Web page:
Sensitive magneto-optical polarimetry was proposed by E. Iacopini and E. Zavattini in 1979 to detect vacuum electrodynamic non-linearity, in particular Vacuum Magnetic Birefringence (VMB). This process is predicted in QED via the fluctuation of electron–positron virtual pairs but can also be due to hypothetical Axion-Like Particles (ALPs) and/or MilliCharged Particles (MCP). Today ALPs are considered a strong candidate for Dark Matter. Starting in 1992 the PVLAS collaboration, financed by INFN, Italy, attempted to measure VMB conceptually following the original 1979 scheme based on an optical cavity permeated by a time-dependent magnetic field and heterodyne detection. Two setups followed differing basically in the magnet: the first using a rotating superconducting 5.5 T dipole magnet at the Laboratori Nazionali di Legnaro, Legnaro, Italy and the second using two rotating permanent 2.5 T dipole magnets at the INFN section of Ferrara. At present PVLAS is the experiment which has set the best limit in VMB reaching a noise floor within a factor 7 of the predicted QED signal: ∆n(QED) = 2.5 × 10−23 @ 2.5 T. It was also shown that the noise floor was due to the optical cavity and a larger magnet is the only solution to increase the signal to noise ratio. The PVLAS experiment ended at the end of 2018. A new effort, VMB@CERN, which plans to use a spare LHC dipole magnet at CERN with a new modified optical scheme, is now being proposed. In this review, a detailed description of the PVLAS effort and the comprehension of its limits leading to a new proposal will be given.

Optical polarimetry for fundamental physics

Zavattini G.;
2021

Abstract

Sensitive magneto-optical polarimetry was proposed by E. Iacopini and E. Zavattini in 1979 to detect vacuum electrodynamic non-linearity, in particular Vacuum Magnetic Birefringence (VMB). This process is predicted in QED via the fluctuation of electron–positron virtual pairs but can also be due to hypothetical Axion-Like Particles (ALPs) and/or MilliCharged Particles (MCP). Today ALPs are considered a strong candidate for Dark Matter. Starting in 1992 the PVLAS collaboration, financed by INFN, Italy, attempted to measure VMB conceptually following the original 1979 scheme based on an optical cavity permeated by a time-dependent magnetic field and heterodyne detection. Two setups followed differing basically in the magnet: the first using a rotating superconducting 5.5 T dipole magnet at the Laboratori Nazionali di Legnaro, Legnaro, Italy and the second using two rotating permanent 2.5 T dipole magnets at the INFN section of Ferrara. At present PVLAS is the experiment which has set the best limit in VMB reaching a noise floor within a factor 7 of the predicted QED signal: ∆n(QED) = 2.5 × 10−23 @ 2.5 T. It was also shown that the noise floor was due to the optical cavity and a larger magnet is the only solution to increase the signal to noise ratio. The PVLAS experiment ended at the end of 2018. A new effort, VMB@CERN, which plans to use a spare LHC dipole magnet at CERN with a new modified optical scheme, is now being proposed. In this review, a detailed description of the PVLAS effort and the comprehension of its limits leading to a new proposal will be given.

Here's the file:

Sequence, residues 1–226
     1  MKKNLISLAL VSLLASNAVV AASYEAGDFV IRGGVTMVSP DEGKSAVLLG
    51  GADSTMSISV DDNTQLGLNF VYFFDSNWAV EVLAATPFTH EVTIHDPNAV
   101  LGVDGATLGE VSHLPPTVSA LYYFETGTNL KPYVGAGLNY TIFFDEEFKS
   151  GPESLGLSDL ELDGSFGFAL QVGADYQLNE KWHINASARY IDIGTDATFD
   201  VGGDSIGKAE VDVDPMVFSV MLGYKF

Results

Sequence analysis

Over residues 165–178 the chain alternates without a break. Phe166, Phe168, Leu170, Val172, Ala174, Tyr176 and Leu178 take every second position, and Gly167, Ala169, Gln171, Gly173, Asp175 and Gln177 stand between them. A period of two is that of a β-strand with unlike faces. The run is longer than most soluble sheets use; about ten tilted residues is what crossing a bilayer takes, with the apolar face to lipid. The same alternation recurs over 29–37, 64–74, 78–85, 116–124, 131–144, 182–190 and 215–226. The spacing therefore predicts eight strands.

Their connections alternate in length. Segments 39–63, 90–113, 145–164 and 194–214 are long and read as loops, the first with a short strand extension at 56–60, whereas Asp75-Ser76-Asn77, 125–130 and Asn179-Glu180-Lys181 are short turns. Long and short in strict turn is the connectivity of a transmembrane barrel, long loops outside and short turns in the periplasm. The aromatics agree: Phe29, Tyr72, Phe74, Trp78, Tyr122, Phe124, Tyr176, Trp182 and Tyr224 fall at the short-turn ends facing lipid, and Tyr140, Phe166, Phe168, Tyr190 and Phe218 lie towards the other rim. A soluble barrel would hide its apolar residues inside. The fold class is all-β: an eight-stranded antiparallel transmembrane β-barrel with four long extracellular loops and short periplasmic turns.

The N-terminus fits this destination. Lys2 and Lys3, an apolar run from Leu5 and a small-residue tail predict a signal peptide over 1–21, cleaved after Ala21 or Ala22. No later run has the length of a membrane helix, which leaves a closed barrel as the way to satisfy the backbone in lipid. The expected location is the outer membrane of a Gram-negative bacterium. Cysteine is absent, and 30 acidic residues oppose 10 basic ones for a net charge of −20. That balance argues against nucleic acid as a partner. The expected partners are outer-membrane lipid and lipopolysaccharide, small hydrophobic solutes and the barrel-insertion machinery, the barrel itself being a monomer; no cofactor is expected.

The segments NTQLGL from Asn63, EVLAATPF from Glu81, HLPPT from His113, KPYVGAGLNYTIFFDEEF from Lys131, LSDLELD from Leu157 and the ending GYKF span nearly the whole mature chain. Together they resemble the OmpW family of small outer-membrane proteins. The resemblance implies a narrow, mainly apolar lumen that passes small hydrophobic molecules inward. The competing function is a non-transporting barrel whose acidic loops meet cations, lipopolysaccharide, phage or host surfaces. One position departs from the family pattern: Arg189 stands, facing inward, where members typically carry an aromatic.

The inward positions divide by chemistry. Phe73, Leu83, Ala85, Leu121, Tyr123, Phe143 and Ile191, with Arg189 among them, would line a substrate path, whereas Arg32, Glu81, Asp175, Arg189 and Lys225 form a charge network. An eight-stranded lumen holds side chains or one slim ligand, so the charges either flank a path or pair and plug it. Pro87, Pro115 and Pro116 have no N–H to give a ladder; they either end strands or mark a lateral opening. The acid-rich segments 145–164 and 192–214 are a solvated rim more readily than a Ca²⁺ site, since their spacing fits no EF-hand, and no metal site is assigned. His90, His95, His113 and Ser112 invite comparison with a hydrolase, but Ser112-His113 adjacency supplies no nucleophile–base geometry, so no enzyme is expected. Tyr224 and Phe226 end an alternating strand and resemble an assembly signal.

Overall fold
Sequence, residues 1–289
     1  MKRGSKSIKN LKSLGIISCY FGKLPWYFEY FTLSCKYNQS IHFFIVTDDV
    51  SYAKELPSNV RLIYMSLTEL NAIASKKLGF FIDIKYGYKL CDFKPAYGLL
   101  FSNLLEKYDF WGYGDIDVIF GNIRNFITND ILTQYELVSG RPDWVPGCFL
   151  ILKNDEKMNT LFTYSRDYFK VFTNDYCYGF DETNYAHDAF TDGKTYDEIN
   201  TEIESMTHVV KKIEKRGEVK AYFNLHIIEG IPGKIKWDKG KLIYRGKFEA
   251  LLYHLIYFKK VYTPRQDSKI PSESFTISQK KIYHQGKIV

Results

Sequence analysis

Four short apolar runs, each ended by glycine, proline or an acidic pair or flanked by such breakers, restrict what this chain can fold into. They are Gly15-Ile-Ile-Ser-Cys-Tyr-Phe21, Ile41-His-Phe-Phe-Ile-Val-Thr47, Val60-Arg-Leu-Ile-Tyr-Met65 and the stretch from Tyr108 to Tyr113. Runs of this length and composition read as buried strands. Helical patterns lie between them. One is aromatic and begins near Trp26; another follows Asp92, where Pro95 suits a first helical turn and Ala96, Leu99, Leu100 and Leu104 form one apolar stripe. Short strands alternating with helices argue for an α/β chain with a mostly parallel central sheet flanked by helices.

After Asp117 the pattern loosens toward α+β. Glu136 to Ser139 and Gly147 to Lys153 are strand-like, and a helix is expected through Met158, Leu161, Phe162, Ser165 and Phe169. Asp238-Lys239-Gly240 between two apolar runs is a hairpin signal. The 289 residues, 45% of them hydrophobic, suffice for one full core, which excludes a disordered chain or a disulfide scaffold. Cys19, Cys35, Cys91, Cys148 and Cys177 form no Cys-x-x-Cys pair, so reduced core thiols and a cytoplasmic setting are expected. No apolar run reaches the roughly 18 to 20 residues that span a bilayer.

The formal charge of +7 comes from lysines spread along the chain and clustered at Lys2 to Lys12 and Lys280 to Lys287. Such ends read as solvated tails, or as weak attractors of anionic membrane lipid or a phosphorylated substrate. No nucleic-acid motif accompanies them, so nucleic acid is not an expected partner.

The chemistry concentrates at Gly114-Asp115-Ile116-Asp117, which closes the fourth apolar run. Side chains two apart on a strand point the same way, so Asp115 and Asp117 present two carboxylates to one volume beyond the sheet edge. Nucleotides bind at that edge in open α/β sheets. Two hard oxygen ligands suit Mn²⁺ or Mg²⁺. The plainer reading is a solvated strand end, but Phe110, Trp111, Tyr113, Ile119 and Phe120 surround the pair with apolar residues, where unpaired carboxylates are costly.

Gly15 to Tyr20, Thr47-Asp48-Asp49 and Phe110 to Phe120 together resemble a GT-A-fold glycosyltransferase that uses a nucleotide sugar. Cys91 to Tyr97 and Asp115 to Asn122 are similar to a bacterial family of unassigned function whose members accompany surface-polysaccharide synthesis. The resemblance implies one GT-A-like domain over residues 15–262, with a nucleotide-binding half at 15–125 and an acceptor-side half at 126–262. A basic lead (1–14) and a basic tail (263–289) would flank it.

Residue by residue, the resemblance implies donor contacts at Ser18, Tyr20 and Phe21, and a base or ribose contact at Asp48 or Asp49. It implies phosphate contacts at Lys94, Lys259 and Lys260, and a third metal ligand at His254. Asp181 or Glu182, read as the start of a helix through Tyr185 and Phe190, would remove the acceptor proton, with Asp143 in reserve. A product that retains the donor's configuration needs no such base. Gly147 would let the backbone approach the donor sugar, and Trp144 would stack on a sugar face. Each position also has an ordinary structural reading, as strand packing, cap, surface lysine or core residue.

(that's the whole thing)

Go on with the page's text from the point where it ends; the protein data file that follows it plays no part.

Zavattini, G.; Della Valle, F.
File in questo prodotto:
Non ci sono file associati a questo prodotto.

I documenti in IRIS sono protetti da copyright e tutti i diritti sono riservati, salvo diversa indicazione.

Utilizza questo identificativo per citare o creare un link a questo documento: https://hdl.handle.net/11392/2475933
 Attenzione

Attenzione! I dati visualizzati non sono stati sottoposti a validazione da parte dell'ateneo

Citazioni
  • ???jsp.display-item.citation.pmc??? ND
  • Scopus 3
  • ???jsp.display-item.citation.isi??? 3
social impact